While PABC continues to extend its service to the people of the Thumb, it is in court defending a criminal offense—having chickens! On Monday, June 11, 2012, Norman Edwards was invited to speak about the Port Austin Bible Campus to a board meeting of the Village of Port Austin . While PABC is outside the Village limits (it is in the Port Austin Township),the Village board asked us to come because we are only 2 miles away and many of the PABC Guests walk into the Village for jobs, shopping and various services. We went to the meeting hoping that we would be able to better understand each other and be able to address their concerns.
Their clear message from the majority of people who spoke at the meetings was that they felt we needed a lot more money for infrastructure and professional people to help homeless people. They said absolutely nothing about helping to raise that money so either we or someone else to do the job. Instead, they made it clear they did not want homeless people, especially those with criminal records, to be anywhere near their Village. They were not concerned with where they might go or whether their families would be able stay together—as long as it was somewhere else. The Port Austin Township Supervisor commented “Edwards is not educated or qualified to be doing what he is doing and there may be other avenues to go through.”
They did not seem interested in our evidence that everyone is better off when homeless people have somewhere to live—they are not so tempted to live by crime, to squat on other's property or sleep in public places. We wrote a letter to the Port Austin Township, The Village of Port Austin, our county Commissioner and the Huron Daily Tribune asking to meet together so we could further discuss our differences, but never received a reply. The Tribune printed it, but that was all.
Nine days after the village meeting, The Township Zoning Inspector sent a certified letter to us telling us our property was not zoned for “farm animals” and gave us 48 hours to remove them. The approximately 40 chickens we have are fed largely from leftovers and spoiled donated food. They provide a wonderful source of fresh eggs. Some of the homeless Guests help care for the chickens; all the Guests are required to separate usable food from other trash. It is a good lesson for all: when one does not have a job, one should use one's time to save money. We have had chickens in the same location for the last seven years-and have never had complaints about noise from anyone. Was this letter one of the "other avenues" mentioned above?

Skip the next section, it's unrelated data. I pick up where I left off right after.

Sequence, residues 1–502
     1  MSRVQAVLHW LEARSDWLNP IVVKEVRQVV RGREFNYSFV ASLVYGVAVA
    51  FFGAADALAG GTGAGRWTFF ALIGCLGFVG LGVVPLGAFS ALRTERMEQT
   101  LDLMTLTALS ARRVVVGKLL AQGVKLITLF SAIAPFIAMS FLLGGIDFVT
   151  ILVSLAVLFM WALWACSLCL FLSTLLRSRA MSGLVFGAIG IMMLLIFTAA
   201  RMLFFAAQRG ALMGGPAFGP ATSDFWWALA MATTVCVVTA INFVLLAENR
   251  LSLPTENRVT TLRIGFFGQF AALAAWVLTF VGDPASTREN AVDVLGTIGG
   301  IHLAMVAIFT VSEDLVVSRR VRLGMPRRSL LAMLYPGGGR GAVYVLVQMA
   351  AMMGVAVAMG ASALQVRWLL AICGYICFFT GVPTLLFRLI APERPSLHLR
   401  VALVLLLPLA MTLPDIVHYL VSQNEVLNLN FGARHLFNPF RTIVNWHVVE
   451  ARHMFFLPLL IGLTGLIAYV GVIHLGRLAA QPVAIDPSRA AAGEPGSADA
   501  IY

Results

On October 10th, a criminal citation was issued, and Huron County 73B District Court case 12-1982-ON began. The penalty for having “farm animals in a business district” is a $100 fine or 90 days in jail. Indeed, some have advised us to “get rid of the chickens and stay out of court”. But the records from court discovery show that no neighbors have complained about the chickens that have been there for eight years. It is not a matter that they are endangering anybody or anything. Furthermore, it appears that simply moving the chickens to a different part of our property, might satisfy their zoning requirements. It seems to us a matter of the township deciding to enforce one of hundreds of existing zoning violations in the township—one that makes life more difficult for us, a church ministry that appears inconvenient to them.
The New Testament has examples of believers doing good works (much more significant than ours) who were persecuted by their governments (in a much greater way than we are). Nevertheless, the Bible commands us to make courts and appellate systems that are just and fair (Deuteronomy 1:16-17; 16:18-20, 17:8-13). We see numerous examples where the Apostles used those systems—sometimes receiving justice, sometimes not, always knowing that God would rendr ultimate justice.
We believe it is important to defend our legal rights over chickens, or we will probably have to defend them over much graver issues. The zoning and other ordinances are extensive, and it is probably almost always possible to find something wherein a particular property is in violation. We intend to put up a defence on multiple fronts:
We have not been a stranger to litigation on these kinds of matters. In 2005, our property tax exemption was denied. Tax assessor training classes only teach about churches that are recognized by the IRS as tax exempt under IRS code section 501(c)(3). It was not until 2007 that we received a hearing in court, but when we did, it took the judge only about half an hour to decide that our property was tax exempt.